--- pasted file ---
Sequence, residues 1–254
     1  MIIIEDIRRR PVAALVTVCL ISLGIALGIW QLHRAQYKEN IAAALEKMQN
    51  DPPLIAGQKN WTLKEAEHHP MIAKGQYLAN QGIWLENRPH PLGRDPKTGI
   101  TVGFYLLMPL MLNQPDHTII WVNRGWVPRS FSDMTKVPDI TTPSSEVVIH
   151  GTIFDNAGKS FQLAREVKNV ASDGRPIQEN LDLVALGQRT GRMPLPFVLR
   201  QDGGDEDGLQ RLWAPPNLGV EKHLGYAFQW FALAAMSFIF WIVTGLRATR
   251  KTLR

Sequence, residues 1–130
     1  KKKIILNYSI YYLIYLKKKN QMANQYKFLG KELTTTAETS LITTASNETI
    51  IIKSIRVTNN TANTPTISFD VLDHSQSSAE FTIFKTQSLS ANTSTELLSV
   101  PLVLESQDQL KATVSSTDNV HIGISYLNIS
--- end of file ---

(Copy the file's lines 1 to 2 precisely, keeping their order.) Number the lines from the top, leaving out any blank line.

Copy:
Sequence, residues 1–254
     1  MIIIEDIRRR PVAALVTVCL ISLGIALGIW QLHRAQYKEN IAAALEKMQN